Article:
With a banana base, plenty of spice, and lots of cookie chunks this Gingerbread Nice Cream is a creamy, healthy holiday treat–no ice cream maker required!
I’m not sure any of us are really prepared for how gingerbread-y it’s about to get around here. I mean are we really even ready to use ‘gingerbread’ as an adjective like that? I know I’m not, but yet I just did. And in the same fashion, gingerbread takeover–it’s happening.
Gingerbread is my favorite holiday flavor. Well actually it’s one of my favorite flavors year round, but since it only feels appropriate to post about for a couple of months out of the year that means it’s time to squeeze in as many gingerbread things as possible!
If you break it down, the flavor of gingerbread is pretty much just the best of the warm fall/winter spices plus molasses. Nutmeg, cloves, allspice–they’re great as supporting spices. But honestly I probably couldn’t tell them apart in a sniff test even if I tried, and which one to use when is kind of a blur for me. (Confession: Sometimes when a recipe calls for a bunch of those spices I just chuck in a half teaspoon of pumpkin pie spice and call it close enough!)
But ginger and cinnamon, those are the key players. Those are the spices that you cannot leave out without noticing. Those are the spices that when I see a recipe call for one teaspoon I always make it one heaping tsp. And when it comes to gingerbread they are absolutely essential. Also when it comes to gingerbread, I think vanilla and lemon are always good additions.
Usually I am an advocate of using fresh ginger in anything gingerbread related, but nice cream is a different story. Because you know sometimes when you are blending up nice cream and it looks perfectly smooth and creamy from the top, flowing through the blades like a banana river, but then you start
eating from the blender serving it and you find a massive chunk of frozen banana still hiding in there? I didn’t want that same sort of chunk-slipping-by situation happening with a piece of ginger–too risky! So for this recipe I used only ground ginger.
Any chunks in that bowl should be of cookie and cookie only! It’s not called GingerBREAD Nice Cream for nothing. And by bread I mean cookie. Do you ever think about how weird it is that they are called gingerbread cookies? Like is it bread or is it cookie–pick one!! And I suppose I just took that weirdness a step further by making ice cream named after a cookie named after a bread. But there are lots of cookie chunks in this ice cream so that makes up for it, yes!?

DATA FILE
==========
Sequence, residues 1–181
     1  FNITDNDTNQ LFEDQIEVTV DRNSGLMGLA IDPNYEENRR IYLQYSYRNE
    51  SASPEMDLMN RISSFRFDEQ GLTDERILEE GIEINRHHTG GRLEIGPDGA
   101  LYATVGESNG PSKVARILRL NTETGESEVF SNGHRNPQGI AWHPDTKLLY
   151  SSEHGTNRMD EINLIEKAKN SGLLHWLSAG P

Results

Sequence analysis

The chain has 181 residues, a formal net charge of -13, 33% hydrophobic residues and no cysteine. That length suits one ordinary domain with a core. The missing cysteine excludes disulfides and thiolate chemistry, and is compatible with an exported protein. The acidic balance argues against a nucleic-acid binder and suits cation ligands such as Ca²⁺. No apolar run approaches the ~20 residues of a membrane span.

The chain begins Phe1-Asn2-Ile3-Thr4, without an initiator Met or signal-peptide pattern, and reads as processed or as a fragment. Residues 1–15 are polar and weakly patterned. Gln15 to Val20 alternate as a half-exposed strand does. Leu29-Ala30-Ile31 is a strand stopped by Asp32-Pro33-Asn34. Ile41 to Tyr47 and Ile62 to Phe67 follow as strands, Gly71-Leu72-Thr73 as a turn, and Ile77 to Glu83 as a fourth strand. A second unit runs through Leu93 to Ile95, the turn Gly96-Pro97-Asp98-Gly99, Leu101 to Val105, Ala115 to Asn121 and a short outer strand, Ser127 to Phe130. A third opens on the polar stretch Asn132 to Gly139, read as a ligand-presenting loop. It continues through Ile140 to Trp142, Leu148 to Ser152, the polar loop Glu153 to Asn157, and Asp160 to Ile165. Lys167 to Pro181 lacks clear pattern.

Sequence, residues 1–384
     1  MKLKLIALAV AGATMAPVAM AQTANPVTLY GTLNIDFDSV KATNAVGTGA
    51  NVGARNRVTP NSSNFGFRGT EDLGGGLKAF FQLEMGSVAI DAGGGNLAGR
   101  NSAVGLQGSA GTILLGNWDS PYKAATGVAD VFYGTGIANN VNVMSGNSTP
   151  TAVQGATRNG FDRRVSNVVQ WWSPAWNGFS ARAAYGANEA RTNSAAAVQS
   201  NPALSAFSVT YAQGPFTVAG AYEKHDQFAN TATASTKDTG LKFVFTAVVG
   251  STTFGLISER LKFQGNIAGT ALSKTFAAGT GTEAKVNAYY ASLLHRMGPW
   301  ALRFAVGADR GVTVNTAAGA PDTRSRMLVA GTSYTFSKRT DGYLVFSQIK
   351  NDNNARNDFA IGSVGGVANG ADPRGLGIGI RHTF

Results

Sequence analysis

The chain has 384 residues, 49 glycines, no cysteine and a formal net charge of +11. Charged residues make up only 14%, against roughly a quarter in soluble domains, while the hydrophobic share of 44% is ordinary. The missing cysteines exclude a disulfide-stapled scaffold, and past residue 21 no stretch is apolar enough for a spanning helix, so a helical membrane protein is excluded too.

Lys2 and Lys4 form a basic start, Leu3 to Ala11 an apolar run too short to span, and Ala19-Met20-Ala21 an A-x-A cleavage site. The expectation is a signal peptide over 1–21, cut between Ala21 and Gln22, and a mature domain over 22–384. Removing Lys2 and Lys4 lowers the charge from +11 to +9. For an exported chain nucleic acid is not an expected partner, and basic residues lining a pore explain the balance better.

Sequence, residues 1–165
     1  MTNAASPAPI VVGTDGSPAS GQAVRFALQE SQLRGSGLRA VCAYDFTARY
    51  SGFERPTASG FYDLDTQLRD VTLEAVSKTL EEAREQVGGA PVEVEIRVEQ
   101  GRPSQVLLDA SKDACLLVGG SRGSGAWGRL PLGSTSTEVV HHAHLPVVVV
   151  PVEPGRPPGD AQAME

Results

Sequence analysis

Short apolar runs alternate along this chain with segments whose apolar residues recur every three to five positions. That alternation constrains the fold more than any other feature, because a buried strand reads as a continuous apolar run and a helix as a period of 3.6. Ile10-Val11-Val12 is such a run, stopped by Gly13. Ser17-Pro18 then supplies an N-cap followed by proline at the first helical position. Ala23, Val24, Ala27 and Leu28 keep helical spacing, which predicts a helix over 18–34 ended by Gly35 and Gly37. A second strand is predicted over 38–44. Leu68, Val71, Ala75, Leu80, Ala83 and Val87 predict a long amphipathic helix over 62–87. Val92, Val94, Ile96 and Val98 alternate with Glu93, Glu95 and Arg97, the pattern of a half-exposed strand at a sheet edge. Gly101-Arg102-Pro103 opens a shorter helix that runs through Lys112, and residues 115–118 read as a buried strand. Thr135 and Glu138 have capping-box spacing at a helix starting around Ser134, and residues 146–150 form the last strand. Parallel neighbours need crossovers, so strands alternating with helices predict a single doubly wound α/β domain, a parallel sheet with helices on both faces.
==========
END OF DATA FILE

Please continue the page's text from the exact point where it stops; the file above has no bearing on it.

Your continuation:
Any gingerbread cookie will do as long as it can crumble. I used my favorite gingerbread cut-out cookie recipe, but pressed and baked them into circles instead of rolling. It’s still a bit early for actual gingerbread men to be showing up. Crumble those cookies and add some to the blender, some on top before you freeze it, and some more on top after scooping. When in doubt, add more cookie!
One thing that makes this nice cream extra cool compared to most nice creams is that it can actually last in the freezer for a couple of days without turning into the dreaded banana ice brick. Molasses by itself does not freeze solid at freezer temp, so that keeps the nice cream from freezing solid too. It is still best the first day (like almost everything) but even the next day it is still creamy and scoopable. That’s why I made this recipe larger than my other nice cream recipes, so you can get at least a few big bowls out of one batch.
Yields 3-4 servings
10 minPrep Time
2 hrCook/Chill Time
2 hr, 10 Total Time
8-10 frozen bananas
1/4 cup molasses
1 tsp ground ginger
1 tsp ground cinnamon
1 tsp vanilla extract
1 tsp lemon juice
1/2 a batch of Gingerbread Cookies , crumbled
- Blend everything except the cookies in a high speed blender or food processor until creamy and smooth.
- Add 1/3 of the cookie crumbles. Blend briefly to combine.
- Speed into a shallow pan or dish. Sprinkle more cookie crumbles on top.
- Freeze for at least 2 hours.
- Scoop into bowls, top with more cookie crumbles, enjoy!
- Keep in the freezer for up to 2-3 days.
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